Denmark Uses Least PC Ad Ever To Tell Foreign Criminals They're Being Deported to a Deserted Island


The obsession with political correctness among liberals and progressives runs rampant throughout much of western Europe, but occasionally something that is decidedly not politically correct will slip through and reveal the true feelings of some Europeans.

This seems to be the case in Denmark, where a new policy was put in place to deal with foreign migrants convicted of crimes and sentenced for deportation. This policy was hilariously advertised on social media with a non-PC cartoon by a political party supportive of the new plan.

The tweet from the Danish People’s Party — which stands opposed to the widespread Middle Eastern migration into Europe — showed a boat approaching a small desert island and dropping off a dark-skinned man wearing the sort of attire commonly associated with Muslim migrants.

The 30-second animated clip referenced the new policy that would see foreign nationals convicted of crimes in Denmark essentially banished to a largely deserted island known as Lindholm while they awaited their eventual deportation.

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Danish media outlet The Local reported that the text of the non-PC tweet roughly translated to: “Deported, criminal foreigners have NO reason to be in Denmark. Until we can get rid of them, we will move them to the island of Lindholm. They will be obliged to stay at the new deportation center at night and there will be police around the clock. Great!”

The new policy came as part of negotiations on a new budget deal by the conservative coalition government and their allies in the right-leaning Danish People’s Party, according to The Telegraph. The island of Lindholm is located off the coast of Denmark in the Stege Bay and is roughly 17 acres large.

“They will not be imprisoned,” Finance Minister Kristian Jensen explained in an interview with Danish media agency Ritzau. “There will be a ferry service to and from the island, but the ferry will not operate around the clock, and they must stay at the departure center at night. That way we will be better able to monitor where they are.”

Do you think it is a good idea to banish convicted criminal foreign nationals to a deserted island while they await their deportation?

New facilities will be constructed alongside existing structures on the island to house the foreign convicts and rejected asylum-seekers awaiting deportation to their home country. The construction will be completed in stages and the new departure center, which will be managed by the Danish Prison and Probation Service, is expected to be fully operational by 2021.

Jensen further explained to Ritzau, “There are more limits to how much you can move around when you are on a deserted island. You are in principle obliged to remain on the island. So we will have more control over where they are.”

“It is a problem for us that we can see that some foreigners who have in fact been sentenced to deportation are still committing crimes, and we have no way of monitoring them,” he added.

The island of Lindholm was previously utilized by the Technical University of Denmark’s Veterinary Institute to conduct research into contagious pathogens and viruses that affected cattle and swine, as the largely uninhabited island proved a suitable precaution against the spread of any of the contagions. The researchers will be moving their work to another, yet to be identified location.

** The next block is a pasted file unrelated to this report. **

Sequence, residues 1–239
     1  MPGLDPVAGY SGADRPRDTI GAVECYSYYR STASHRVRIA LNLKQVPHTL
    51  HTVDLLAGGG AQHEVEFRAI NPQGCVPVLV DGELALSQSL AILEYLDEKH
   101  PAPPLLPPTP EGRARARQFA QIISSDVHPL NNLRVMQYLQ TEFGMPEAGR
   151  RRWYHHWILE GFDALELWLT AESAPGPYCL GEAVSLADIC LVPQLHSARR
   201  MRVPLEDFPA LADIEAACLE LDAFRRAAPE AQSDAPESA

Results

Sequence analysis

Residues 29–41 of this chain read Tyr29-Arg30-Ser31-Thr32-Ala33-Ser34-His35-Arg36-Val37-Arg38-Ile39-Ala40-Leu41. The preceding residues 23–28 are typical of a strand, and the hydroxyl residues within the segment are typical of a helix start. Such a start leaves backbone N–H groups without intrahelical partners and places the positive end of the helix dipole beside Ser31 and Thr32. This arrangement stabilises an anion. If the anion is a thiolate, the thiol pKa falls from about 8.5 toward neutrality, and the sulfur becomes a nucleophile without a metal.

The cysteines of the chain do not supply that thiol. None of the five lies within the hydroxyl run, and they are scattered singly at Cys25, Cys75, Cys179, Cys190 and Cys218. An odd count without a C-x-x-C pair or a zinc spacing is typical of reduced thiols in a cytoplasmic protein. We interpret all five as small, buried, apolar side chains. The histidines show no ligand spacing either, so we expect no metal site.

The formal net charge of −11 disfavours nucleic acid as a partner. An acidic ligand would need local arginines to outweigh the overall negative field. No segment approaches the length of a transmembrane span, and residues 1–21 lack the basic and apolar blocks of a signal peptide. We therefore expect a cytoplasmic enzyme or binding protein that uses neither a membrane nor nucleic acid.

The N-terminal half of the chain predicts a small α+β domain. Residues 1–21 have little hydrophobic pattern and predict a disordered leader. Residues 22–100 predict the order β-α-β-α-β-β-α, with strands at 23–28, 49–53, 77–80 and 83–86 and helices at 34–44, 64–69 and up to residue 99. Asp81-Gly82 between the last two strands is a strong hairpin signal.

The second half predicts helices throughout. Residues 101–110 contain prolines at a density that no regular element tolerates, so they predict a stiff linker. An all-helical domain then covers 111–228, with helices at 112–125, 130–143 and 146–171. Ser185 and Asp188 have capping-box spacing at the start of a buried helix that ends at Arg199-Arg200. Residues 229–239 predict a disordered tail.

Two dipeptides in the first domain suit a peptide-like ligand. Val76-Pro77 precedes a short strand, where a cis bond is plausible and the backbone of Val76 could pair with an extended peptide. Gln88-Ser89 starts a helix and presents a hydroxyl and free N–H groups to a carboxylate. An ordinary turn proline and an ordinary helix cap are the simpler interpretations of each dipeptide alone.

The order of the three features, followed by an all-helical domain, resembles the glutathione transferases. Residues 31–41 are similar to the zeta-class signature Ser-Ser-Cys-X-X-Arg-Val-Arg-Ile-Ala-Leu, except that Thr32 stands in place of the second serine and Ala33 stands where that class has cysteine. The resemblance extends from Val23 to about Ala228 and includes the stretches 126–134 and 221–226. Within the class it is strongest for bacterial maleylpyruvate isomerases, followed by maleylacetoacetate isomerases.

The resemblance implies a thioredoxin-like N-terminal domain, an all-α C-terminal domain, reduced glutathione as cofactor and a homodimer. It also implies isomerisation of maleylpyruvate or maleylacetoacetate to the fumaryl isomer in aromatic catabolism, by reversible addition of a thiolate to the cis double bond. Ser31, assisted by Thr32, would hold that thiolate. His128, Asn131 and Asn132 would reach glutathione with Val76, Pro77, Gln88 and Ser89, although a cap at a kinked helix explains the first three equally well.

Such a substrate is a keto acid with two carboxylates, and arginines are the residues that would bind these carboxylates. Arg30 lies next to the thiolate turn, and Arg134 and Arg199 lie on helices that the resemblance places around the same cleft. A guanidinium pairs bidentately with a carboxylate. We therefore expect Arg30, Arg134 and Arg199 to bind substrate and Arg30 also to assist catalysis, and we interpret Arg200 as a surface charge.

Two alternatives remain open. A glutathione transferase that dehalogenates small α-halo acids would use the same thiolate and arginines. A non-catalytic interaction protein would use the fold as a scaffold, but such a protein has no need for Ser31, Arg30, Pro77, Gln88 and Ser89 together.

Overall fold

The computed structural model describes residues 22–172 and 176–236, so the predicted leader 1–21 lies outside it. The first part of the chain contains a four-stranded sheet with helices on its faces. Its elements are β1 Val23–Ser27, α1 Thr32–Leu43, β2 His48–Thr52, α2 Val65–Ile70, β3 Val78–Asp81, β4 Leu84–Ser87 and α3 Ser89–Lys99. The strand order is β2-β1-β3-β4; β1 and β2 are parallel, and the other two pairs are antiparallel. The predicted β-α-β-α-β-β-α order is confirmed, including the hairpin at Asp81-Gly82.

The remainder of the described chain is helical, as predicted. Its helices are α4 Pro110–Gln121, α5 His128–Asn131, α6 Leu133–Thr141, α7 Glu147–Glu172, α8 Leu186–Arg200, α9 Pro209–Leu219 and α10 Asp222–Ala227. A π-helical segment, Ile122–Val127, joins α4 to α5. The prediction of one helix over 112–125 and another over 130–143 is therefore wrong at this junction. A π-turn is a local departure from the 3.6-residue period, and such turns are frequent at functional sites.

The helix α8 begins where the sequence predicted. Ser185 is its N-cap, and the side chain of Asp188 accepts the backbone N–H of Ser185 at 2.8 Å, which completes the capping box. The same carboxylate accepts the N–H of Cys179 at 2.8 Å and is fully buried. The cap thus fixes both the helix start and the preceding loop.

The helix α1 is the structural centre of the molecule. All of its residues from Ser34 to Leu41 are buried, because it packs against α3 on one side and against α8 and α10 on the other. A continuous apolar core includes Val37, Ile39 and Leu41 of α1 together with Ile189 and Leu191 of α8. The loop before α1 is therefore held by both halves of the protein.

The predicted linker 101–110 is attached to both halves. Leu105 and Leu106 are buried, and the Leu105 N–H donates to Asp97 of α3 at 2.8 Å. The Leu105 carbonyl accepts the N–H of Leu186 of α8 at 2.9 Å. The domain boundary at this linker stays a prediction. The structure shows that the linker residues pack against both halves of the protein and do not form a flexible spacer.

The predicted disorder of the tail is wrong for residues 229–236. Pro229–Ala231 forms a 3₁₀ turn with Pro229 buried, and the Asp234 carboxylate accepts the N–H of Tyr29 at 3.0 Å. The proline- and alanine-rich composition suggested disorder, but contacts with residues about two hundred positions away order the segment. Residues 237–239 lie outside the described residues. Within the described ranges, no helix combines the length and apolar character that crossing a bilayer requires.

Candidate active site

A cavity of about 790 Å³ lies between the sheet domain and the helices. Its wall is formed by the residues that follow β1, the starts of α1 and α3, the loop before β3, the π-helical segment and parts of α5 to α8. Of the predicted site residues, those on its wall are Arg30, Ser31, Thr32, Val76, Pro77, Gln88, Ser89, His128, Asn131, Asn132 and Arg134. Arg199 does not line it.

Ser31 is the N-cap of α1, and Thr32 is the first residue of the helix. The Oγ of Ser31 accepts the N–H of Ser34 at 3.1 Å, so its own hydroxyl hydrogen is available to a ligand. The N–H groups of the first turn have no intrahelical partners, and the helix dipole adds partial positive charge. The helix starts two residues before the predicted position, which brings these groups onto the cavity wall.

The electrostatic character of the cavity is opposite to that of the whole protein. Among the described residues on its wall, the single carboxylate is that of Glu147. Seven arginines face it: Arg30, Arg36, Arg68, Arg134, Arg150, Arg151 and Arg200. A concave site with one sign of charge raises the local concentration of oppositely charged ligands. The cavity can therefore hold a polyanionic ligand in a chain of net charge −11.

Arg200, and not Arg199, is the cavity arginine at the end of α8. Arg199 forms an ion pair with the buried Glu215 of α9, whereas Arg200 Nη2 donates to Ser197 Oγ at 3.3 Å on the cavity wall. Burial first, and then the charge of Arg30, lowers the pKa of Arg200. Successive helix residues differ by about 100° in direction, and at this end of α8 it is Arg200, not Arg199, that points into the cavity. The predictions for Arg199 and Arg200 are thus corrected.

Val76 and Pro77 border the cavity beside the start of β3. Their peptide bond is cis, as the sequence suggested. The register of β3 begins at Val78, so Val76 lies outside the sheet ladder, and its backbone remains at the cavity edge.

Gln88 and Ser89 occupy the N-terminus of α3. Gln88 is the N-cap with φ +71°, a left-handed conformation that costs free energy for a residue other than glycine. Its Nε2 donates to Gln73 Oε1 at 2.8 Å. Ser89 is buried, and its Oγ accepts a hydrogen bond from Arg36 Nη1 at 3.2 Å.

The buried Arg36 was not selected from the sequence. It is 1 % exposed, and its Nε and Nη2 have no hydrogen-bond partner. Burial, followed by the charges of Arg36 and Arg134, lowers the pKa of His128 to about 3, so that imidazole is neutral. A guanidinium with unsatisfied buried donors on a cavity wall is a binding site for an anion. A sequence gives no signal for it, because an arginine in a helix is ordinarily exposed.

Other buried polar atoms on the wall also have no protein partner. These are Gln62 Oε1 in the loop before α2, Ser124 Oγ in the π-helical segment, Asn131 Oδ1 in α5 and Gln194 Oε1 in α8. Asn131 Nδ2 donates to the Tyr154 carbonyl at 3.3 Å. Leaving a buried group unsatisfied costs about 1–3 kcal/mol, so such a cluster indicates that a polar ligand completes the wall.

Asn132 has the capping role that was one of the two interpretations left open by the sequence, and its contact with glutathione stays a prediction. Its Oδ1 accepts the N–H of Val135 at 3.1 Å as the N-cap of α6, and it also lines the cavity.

To be sure, the non-PC tweet and banishment policy, in general, has been criticized by those who oppose the new plan. A leader of a left-leaning environmentalist Alternative Party, Uffe Elbaek, called the idea a “humanitarian collapse” of Danish politics. He added on social media, “The green government I want to lead would never force people on to a deserted island. Inhuman politics are creating a completely different Denmark to the Denmark I love.”

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The policy was denounced by a leader of the Social Liberals party, Morten Ostergaard, who cited concerns about the arrangement from residents and the mayor of the nearby municipality of Vordingborg, and described the policy as little more than a “symbolic” gesture with no clear end goal.

While the European Union has been pushing member nations to adopt open borders policies that welcome migrants from all over, a number of nations — now including Denmark — have been proactively pushing back in their own ways.

This idea from the Danish government to protect their own native population — banishing convicted criminal foreign nationals awaiting deportation to a deserted island — is interesting, to say the least, and you can bet there will be many people, both for and against the idea, who will be watching closely to see how the plan works out in practice going forward.

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Ben Marquis is a writer who identifies as a constitutional conservative/libertarian. He has written about current events and politics for The Western Journal since 2014. His focus is on protecting the First and Second Amendments.
Ben Marquis has written on current events and politics for The Western Journal since 2014. He reads voraciously and writes about the news of the day from a conservative-libertarian perspective. He is an advocate for a more constitutional government and a staunch defender of the Second Amendment, which protects the rest of our natural rights. He lives in Little Rock, Arkansas, with the love of his life as well as four dogs and four cats.
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